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Minnesota State Agency Gives Cellphone Hacking Tool to Police

Under a deal with the Minnesota Department of Human Services, approved by the St. Paul City Council in June, police officers have around-the-clock access to a controversial smartphone-hacking device called GrayKey.

(TNS) — When St. Paul police need to hack into a suspect’s cellphone, they don’t have to go far.

Under a deal with the Minnesota Department of Human Services, approved by St. Paul City Council in June, police officers have around-the-clock access to a controversial smartphone-hacking device called GrayKey. Under the joint-powers agreement, the St. Paul Police Department agreed to pay $7,000 a year for access to the device located in the digital forensics lab that DHS operates from its building at 444 Lafayette Road.

DHS also has deals to share access to the smartphone hacking and data-extraction device with the state departments of Commerce and Natural Resources, according to records obtained by the Pioneer Press. The state Department of Public Safety has its own GrayKey device, too.

These deals are the latest local examples of how GrayKey, which was created by the technology company GrayShift to crack cellphone encryption, is being used by an increasing number of law enforcement and state agencies. Police departments in Minnesota and around the nation also use a similar technology sold by a company called Cellebrite, which St. Paul police used previously.

GrayKey and Cellebrite are not just used to bypass encryption and hack into password-protected cellphones. They can be used to extract and analyze the enormous amount of data smartphones collect about users — everything from messages and web searches to location data.

Fast-moving technology

Law enforcement officials say these are essential tools in modern crime fighting. The websites of GrayKey and Cellebrite are filled with testimonials about how quickly the devices can obtain access to data and extract it.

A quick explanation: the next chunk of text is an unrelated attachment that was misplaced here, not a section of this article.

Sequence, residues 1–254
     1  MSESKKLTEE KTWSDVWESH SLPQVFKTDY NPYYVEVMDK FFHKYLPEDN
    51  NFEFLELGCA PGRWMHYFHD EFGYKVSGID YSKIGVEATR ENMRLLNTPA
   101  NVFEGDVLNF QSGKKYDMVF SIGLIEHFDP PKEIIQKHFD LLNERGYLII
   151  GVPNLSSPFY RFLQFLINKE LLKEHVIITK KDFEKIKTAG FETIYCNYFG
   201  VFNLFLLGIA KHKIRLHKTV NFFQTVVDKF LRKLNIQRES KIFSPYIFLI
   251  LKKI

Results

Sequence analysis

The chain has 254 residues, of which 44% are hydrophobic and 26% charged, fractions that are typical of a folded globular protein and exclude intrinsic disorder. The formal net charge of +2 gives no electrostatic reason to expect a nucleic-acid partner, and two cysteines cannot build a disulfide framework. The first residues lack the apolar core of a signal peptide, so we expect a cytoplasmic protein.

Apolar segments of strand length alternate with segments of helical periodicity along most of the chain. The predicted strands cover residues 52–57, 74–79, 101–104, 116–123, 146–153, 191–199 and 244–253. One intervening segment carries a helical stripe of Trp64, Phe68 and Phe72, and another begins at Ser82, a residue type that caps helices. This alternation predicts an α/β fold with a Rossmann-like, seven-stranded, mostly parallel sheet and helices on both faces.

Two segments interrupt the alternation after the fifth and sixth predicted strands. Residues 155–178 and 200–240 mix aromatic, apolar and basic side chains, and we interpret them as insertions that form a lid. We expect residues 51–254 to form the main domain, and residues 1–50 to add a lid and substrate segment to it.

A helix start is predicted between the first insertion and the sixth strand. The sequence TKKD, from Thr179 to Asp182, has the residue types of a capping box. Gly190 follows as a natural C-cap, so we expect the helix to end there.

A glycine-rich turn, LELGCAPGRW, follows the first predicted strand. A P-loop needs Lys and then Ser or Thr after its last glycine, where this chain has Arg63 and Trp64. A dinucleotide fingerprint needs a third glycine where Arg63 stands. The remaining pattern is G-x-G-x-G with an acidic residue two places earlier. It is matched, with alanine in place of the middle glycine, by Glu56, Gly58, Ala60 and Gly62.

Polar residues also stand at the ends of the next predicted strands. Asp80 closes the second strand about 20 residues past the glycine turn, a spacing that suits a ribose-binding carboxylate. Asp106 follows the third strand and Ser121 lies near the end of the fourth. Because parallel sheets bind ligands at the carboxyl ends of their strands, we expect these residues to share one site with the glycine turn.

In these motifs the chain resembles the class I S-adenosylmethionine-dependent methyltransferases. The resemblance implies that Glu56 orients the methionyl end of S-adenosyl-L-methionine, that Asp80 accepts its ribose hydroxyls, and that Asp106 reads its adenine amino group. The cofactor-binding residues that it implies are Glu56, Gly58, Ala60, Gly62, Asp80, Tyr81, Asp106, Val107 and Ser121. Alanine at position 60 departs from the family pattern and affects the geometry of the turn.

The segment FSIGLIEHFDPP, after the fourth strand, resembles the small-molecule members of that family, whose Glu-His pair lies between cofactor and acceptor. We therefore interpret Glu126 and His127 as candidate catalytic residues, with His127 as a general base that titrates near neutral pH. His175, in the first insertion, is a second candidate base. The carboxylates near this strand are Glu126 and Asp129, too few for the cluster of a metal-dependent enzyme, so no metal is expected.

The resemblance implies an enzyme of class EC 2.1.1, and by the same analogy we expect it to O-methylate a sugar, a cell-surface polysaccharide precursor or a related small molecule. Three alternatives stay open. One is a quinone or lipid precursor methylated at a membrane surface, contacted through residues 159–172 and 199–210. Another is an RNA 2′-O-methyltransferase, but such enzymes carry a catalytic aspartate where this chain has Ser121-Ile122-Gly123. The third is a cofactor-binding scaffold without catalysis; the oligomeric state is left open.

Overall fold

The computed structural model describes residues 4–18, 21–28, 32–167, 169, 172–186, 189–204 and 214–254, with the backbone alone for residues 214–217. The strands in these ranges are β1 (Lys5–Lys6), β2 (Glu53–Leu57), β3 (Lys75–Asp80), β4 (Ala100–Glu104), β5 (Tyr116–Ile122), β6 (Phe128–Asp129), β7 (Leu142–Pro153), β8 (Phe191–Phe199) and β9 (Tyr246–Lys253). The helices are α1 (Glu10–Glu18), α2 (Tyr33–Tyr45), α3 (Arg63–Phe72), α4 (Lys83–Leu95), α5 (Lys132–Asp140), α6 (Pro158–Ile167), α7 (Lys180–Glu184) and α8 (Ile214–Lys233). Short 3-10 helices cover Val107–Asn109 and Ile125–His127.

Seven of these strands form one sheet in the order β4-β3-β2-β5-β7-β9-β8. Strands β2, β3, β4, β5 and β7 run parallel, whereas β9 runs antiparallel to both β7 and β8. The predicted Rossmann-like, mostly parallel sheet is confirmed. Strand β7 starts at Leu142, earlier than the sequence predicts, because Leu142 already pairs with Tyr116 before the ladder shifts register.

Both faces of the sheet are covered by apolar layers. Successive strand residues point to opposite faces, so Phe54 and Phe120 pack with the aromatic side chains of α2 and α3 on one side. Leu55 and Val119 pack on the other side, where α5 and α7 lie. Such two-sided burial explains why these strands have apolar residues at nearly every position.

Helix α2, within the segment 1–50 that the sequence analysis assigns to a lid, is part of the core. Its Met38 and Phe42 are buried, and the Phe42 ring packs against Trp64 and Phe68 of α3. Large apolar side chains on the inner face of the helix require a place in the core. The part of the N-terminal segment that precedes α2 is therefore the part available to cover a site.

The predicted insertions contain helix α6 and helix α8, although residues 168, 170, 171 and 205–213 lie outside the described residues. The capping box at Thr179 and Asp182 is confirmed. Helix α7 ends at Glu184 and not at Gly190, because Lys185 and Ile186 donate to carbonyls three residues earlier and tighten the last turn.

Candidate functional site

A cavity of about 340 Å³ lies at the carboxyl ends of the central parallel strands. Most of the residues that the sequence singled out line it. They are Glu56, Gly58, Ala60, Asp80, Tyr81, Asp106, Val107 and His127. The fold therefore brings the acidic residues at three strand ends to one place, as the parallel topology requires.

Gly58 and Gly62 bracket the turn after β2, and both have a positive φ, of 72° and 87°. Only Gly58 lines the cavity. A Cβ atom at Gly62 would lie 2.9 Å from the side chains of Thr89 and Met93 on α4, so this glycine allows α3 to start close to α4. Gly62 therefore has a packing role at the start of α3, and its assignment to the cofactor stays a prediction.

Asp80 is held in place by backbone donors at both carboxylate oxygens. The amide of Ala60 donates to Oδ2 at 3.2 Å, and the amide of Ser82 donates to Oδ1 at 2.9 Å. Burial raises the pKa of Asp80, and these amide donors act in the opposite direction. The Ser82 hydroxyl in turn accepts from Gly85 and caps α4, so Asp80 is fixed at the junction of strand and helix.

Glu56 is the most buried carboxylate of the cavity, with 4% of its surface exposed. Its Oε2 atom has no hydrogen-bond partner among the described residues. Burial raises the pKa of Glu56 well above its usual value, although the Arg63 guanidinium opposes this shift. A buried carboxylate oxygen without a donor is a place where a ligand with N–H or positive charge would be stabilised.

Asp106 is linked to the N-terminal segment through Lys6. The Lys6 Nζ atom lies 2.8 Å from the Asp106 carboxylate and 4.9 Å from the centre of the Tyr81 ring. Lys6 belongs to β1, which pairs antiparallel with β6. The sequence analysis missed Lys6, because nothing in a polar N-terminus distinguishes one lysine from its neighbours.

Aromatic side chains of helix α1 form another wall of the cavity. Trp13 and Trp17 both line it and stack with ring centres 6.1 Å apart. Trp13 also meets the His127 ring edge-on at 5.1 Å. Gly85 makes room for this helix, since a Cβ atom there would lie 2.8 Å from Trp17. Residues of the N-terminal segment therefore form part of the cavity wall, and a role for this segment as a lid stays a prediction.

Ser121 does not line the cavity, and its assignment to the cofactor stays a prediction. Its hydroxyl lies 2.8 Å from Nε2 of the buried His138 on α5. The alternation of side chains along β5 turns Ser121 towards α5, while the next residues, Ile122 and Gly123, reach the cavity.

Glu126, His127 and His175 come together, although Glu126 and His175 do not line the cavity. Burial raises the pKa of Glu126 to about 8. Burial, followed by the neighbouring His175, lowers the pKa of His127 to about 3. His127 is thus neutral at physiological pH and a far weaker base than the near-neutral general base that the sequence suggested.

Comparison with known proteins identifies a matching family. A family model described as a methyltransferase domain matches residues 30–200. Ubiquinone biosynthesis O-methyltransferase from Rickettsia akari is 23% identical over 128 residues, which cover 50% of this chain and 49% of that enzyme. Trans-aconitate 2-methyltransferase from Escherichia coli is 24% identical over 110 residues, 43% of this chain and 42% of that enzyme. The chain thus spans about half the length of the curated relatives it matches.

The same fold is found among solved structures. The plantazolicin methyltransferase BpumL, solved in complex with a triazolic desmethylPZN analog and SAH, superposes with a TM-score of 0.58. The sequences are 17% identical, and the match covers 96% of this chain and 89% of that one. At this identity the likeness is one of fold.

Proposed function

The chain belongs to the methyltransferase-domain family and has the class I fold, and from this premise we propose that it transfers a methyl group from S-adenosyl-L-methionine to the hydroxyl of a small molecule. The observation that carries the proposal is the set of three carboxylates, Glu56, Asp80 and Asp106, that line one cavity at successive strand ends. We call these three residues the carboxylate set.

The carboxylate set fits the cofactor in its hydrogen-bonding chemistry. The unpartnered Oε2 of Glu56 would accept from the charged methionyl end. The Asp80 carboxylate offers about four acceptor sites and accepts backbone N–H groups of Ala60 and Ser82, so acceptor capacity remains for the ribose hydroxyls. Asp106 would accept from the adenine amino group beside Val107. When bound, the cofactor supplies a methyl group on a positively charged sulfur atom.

“Anytime police are working on an investigation, a person’s cellphone may contain very critical evidence of a crime they are investigating,” said Jeff Potts, executive director of the Minnesota Chiefs of Police Association. He noted that a warrant or consent from the owner of the phone is almost always required for such a search.

Yet privacy advocates argue that because law enforcement agencies tend not to publicize the new tools they use, the public has little understanding about how they work. Often, that also means policymakers haven’t considered the implications of tools like GrayKey.

“The law cannot keep up with how fast technology is moving,” said Ben Feist, chief programs officer for the Minnesota chapter of the American Civil Liberties Union. “We believe there should be a modern expectation of privacy that is keeping pace with the digital world.”

But there is little legal precedent or specific rules in Minnesota when it comes to constitutional protections related to smartphones. Rich Neumeister, a citizen lobbyist who advocates on public records and privacy issues at the Capitol, says better guardrails are needed.

“We are talking about hacking,” Neumeister said of GrayKey. “There needs to be strong and proper legal authority. There needs to be high standards. There needs to be transparency and oversight.”

Who is using GrayKey?

It is unclear how many Minnesota police departments and state agencies are using smartphone forensic tools like GrayKey and Cellebrite. Potts, leader of the police chiefs association, didn’t have a definitive count, but said sharing agreements like the one St. Paul signed on to with DHS are not uncommon because the technology can be expensive.

A 2020 analysis by Upturn, which advocates for technology equity and justice, found in 2020 that more than 2,000 police agencies nationwide were using cellphone-hacking tools. The group found that since 2015, police had extracted data from hundreds of thousands of smartphones, often without a warrant.

Public records show the Minnesota Department of Public Safety has had contracts for GrayKey dating back to at least 2019. So far, the agency’s special investigative unit at the Bureau of Criminal Apprehension has spent nearly $355,000 on the device, licenses and software upgrades.

A Department of Public Safety spokeswoman said the bureau uses GrayKey “with a signed search warrant to unlock cell phones to further investigations during an AMBER Alert, missing persons cases, or violent or serious crimes.”

DHS agreed to pay GrayKey nearly $30,000 in 2023, public records show. The agency’s Office of Internal Control and Accountability uses the device on investigations it works on with other agencies, a spokesman said.

The state Department of Commerce agreed to pay $5,865 to DHS so its Commerce Fraud Bureau, which has 17 sworn officers, has access to GrayKey for investigations. The agency says it has used the tool since 2020.

The state Department of Natural Resources also agreed to pay $5,865 to DHS for access to GrayKey. A spokeswoman said it was needed for “complex criminal investigations into game and fish or other natural resource violations.”